In the earlier, “standard” version of the test, some of those areas were combined, making it hard to judge those aspects of students’ performance. Adding more items and shifting their distribution allows the test to gauge students’ skills in each area, Mr. Willhoft said, while time was managed by scaling back performance tasks and reducing the length of some reading passages.
Still, some experts see the resulting reports as being of disappointingly little instructional value.
W. James Popham, an assessment expert who serves on the Smarter Balanced technical-advisory committee, said tests can provide meaningful information only if teachers and students get more fine-grained feedback than an overall score in writing or in math “concepts and procedures.”
“It’s still too broad,” he said. “No one can ferret out what students need help with. For Smarter Balanced to make a real contribution, it has to make certain that its other two pieces, the interim and formative assessments, are instructionally focused, so educators can do something with the results.”
The Right Balance
The evolution of the Smarter Balanced assessment showcases a persistent tension at the heart of the purpose of student testing, some experts say.
“Is it about getting data for instruction? Or is it about measuring the results of instruction? In a nutshell, that’s what this is all about,” said Douglas J. McRae, a retired test designer who helped shape California’s assessment system. “You cannot adequately serve both purposes with one test.”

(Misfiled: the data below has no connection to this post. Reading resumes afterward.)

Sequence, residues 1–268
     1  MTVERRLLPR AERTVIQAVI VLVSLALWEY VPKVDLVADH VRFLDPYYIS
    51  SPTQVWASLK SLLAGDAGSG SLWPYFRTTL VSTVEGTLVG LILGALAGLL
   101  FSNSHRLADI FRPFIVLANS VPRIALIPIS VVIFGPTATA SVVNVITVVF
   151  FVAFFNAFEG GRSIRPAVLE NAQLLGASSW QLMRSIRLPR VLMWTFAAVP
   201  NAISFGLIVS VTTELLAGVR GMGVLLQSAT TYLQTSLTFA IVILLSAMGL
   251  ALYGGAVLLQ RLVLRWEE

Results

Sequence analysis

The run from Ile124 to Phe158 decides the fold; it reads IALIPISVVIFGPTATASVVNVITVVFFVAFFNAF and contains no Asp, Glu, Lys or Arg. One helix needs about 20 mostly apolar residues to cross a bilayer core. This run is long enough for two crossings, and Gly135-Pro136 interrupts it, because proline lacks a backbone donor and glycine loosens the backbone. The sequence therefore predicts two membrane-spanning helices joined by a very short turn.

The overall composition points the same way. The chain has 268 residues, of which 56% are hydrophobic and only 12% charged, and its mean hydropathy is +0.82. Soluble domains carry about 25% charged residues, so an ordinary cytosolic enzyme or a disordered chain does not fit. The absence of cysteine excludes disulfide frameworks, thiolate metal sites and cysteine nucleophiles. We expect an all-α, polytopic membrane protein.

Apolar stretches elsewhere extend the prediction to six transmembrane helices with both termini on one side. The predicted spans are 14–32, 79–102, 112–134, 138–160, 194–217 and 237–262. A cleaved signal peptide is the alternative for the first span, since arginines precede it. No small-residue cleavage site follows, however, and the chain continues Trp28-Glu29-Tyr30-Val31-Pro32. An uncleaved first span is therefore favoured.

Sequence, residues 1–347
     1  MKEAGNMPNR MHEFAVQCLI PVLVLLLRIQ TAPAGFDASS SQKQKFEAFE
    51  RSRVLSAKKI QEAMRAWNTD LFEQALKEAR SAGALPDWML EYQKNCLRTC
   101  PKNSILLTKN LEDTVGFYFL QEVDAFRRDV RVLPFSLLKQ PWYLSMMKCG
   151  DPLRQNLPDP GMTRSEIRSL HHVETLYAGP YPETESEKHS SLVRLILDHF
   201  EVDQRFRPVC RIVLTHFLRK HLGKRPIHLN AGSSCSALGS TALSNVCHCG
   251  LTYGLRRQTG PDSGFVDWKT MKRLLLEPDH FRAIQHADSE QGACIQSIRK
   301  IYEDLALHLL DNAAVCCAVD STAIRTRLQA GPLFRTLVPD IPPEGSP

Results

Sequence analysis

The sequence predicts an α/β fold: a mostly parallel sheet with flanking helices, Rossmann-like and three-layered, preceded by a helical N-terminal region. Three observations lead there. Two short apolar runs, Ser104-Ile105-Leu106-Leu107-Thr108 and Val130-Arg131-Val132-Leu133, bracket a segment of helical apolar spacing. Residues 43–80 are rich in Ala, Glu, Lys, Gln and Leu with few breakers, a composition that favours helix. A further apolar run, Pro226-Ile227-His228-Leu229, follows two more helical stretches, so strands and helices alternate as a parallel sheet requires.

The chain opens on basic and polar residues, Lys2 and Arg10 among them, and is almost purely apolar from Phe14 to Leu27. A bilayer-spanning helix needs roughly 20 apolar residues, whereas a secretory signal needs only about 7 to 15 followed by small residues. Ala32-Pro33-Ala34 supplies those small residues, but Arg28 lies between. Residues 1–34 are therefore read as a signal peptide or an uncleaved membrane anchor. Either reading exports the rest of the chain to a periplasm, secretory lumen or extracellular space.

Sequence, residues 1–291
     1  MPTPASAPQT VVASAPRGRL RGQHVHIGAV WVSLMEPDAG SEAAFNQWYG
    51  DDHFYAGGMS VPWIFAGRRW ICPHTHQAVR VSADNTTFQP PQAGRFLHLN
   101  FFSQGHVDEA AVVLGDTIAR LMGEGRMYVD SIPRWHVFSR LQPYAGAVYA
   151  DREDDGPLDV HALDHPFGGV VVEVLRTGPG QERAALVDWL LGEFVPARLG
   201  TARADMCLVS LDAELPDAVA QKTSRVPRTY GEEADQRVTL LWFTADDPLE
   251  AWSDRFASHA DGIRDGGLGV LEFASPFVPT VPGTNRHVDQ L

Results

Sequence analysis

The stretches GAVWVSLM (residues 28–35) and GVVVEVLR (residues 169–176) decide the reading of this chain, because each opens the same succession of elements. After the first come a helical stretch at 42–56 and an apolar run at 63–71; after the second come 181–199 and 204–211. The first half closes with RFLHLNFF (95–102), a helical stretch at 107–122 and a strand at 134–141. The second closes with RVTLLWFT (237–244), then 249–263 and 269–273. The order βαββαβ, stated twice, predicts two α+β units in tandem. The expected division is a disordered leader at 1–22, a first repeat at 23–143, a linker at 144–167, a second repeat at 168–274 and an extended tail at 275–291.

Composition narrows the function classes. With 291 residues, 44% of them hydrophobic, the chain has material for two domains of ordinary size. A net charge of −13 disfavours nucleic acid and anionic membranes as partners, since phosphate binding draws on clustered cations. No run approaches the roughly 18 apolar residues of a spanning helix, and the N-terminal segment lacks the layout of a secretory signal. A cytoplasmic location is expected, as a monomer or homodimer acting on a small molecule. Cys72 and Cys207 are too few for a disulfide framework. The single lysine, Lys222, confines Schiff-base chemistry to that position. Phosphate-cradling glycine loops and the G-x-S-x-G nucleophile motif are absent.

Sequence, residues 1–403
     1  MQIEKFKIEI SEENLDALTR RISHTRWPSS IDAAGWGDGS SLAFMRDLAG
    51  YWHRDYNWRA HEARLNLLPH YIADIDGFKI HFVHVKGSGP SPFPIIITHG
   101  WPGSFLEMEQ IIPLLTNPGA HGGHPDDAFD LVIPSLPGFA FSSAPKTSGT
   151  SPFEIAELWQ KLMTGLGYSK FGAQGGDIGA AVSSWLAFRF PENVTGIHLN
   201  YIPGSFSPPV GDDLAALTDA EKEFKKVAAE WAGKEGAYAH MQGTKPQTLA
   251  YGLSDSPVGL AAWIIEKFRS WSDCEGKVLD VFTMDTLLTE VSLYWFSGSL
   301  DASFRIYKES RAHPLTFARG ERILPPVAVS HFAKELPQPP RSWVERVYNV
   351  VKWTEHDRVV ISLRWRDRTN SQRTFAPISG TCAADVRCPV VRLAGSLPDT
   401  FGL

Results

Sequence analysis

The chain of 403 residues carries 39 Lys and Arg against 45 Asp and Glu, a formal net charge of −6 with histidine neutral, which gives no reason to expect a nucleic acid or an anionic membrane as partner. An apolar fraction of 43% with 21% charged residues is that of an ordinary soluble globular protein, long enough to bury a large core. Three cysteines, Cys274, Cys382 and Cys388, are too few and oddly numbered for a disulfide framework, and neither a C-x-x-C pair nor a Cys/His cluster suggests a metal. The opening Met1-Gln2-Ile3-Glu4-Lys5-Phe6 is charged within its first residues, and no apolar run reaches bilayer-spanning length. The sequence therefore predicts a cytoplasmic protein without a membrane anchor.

That’s because the more-complex, nuanced items and tasks that make assessment a more valuable educational experience for students, and yield information detailed and meaningful enough to help educators adjust instruction to students’ needs, also make tests longer and more expensive, Mr. McRae and other experts said.
What Smarter Balanced did, he said, was to compromise on obtaining data to guide instruction in order to produce a test that measures the results of instruction. As a strong supporter of accountability, that’s an approach Mr. McRae supports. It’s also crucial to have data that guide day-to-day instruction, he said, but that should come from separate formative and interim tests.
That’s what SBAC has in mind, said Mr. Willhoft. Its end-of-year, summative tests will measure results for accountability, and those can shape what schools and districts do long term, he said.
“I’m not convinced that the end-of-year summative assessment used for accountability could be imagined to be extremely instructionally useful,” Mr. Willhoft said. It’s the interim and formative pieces of its system, he said, that have the potential to affect day-to-day instruction in profound ways.
The plan is to have thousands of test items and tasks in an online “bank” teachers can draw from to custom-design interim tests on specific standards. Also available will be a bank of “formative” tools and strategies to help them judge and monitor students’ learning as they go along, Mr. Willhoft said. That three-pronged approach—summative, interim, formative—makes up the “balanced” suite of tests many have sought, he said.
The final test design, with a mix of multiple-choice, constructed-response, technology-enhanced, and performance items, is a big improvement over the exams most states have now, said Deborah V.H. Sigman, California’s deputy superintendent of public instruction and a member of SBAC’s executive committee.
“We have a summative assessment that signals to the world that there are different ways to measure what students are learning and can do,” she said. “That’s a huge benefit.”
Coverage of implementation of college- and career-ready standards is supported in part by a grant from the GE Foundation, at www.ge.com/foundation.
A version of this article appeared in the December 05, 2012 edition of Education Week as Test Group Rethinks Questions